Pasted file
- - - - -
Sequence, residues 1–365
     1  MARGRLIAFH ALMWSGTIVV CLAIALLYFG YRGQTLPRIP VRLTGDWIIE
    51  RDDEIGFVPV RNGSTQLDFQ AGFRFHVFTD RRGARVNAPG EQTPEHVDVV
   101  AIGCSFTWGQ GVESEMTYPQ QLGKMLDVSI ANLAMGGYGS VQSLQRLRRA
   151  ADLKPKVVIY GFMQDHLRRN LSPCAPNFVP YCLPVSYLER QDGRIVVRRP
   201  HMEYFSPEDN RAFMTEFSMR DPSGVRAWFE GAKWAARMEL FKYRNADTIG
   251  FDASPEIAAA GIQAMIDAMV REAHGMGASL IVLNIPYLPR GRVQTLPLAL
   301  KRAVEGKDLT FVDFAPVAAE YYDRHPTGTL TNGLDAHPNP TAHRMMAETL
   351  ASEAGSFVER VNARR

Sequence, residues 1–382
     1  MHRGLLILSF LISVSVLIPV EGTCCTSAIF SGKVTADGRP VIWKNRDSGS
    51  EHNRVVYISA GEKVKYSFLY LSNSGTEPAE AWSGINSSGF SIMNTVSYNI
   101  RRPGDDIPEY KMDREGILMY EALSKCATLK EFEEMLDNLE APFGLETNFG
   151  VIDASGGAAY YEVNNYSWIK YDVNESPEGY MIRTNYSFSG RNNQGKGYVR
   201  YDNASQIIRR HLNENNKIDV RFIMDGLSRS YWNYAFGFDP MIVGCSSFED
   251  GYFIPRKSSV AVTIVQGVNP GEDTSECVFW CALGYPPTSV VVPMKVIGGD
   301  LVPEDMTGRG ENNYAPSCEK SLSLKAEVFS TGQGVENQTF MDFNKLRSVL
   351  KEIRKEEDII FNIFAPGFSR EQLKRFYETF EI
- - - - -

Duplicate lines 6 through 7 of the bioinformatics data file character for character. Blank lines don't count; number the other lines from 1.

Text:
   201  HMEYFSPEDN RAFMTEFSMR DPSGVRAWFE GAKWAARMEL FKYRNADTIG
   251  FDASPEIAAA GIQAMIDAMV REAHGMGASL IVLNIPYLPR GRVQTLPLAL